Pubdate: Wed, 28 Feb 2018
Source: Standard, The (St. Catharines, CN ON)
Copyright: 2018 St. Catharines Standard
Author: Karena Walter
Page: A3


St. Catharines council is unanimously supporting the creation of a
temporary supervised injection site in the city to help deal with the
opioid crisis.

"It is pure harm reduction. It is stopping people from dying," said
Sandi Tantardini of Niagara Area Moms Ending Stigma, speaking in
support of the site at Monday night's council meeting.

Tantardini and Jennifer Johnston founded the group of moms, families
and friends of people who have been lost to or are struggling with

"When we're talking about the effects of the opioid crisis, our group
and its representatives and our families, we're the faces of it," said
Johnston, whose son Jonathan, a chef who trained at Niagara College,
died of a fentanyl overdose in Toronto.

Niagara Emergency Medical Services responded to 520 suspected opioid
overdoses in 2017 - a 335 per cent increase from 2016's 155 cases.

The province created a program to establish supervised injection sites
in municipalities on a time-limed basis that are funded by the
Ministry of Health and Long-Term Care. The federal government is
allowing exemptions under the law for the use of illegal drugs at the
sites. The sites will have personnel on hand and naloxone, which is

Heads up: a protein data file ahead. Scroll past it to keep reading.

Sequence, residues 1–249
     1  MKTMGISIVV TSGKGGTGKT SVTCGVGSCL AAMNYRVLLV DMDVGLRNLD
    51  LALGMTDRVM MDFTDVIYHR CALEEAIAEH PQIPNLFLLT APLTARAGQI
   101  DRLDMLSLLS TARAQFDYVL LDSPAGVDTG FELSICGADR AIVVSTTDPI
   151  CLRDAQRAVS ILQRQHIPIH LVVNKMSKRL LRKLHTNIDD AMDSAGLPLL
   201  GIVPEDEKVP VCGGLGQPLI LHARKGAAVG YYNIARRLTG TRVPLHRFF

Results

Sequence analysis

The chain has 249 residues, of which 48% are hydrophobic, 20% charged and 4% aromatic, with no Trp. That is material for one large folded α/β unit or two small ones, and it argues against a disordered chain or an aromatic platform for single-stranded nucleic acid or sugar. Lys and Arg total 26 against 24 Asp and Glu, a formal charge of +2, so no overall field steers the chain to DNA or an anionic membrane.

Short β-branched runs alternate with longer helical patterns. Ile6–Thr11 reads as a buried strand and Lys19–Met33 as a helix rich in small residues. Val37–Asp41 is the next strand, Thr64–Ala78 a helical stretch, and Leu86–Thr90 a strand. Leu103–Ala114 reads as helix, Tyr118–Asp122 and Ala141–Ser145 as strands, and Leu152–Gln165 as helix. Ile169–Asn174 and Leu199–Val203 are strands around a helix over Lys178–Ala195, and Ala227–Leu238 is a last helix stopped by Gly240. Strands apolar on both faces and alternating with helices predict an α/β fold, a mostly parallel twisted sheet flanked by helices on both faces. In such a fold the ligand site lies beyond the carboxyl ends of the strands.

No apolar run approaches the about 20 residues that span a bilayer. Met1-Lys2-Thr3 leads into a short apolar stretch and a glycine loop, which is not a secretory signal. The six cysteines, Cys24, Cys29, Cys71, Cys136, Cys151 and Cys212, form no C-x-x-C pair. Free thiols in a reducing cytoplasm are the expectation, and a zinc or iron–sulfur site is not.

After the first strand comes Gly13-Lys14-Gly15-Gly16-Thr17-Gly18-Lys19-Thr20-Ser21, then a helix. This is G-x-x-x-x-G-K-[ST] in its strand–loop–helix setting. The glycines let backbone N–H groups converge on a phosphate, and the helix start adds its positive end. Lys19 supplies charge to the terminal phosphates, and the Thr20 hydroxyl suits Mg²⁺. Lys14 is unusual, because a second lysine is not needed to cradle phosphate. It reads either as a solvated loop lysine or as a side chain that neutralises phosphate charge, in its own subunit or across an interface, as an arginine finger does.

used to treat patients suffering from overdoses, along with other supports.

Council voted Monday to back an application for a temporary site by
the Opioid Prevention and Education Network of Niagara and Positive
Living Niagara. Positive Living runs needle exchange and
harm-reduction programs and has offered to provide the temporary site
on Queenston Street. Executive director Glen Walker said it can adapt
the space, which already has an existing trust and rapport with clients.

Walker said they'd be able to supervise people injecting, provide
naloxone for those who have overdosed and supply harm reduction
equipment. They'll develop relationships with people who come in and
try to connect them with treatment and counselling.

The idea would be to use the temporary site for three to six months to
get a sense of the uptake and need in the community.

"We are going to be offering, not only the ability to supervise
somebody who might be injecting alone, but at the same time offering
other services and supports to them."

Dr. Andrew Feller, Niagara's associate medical officer of health, said
it's critical to remember that numbers being talked about are people.
She said the opioid crisis is occurring all across the region and
affects all socio-economic strata and all ages.

"There's no magic answer to this, no one thing is going to fix this
issue," she said. "But a supervised consumption facility could be part
of the overall solution."
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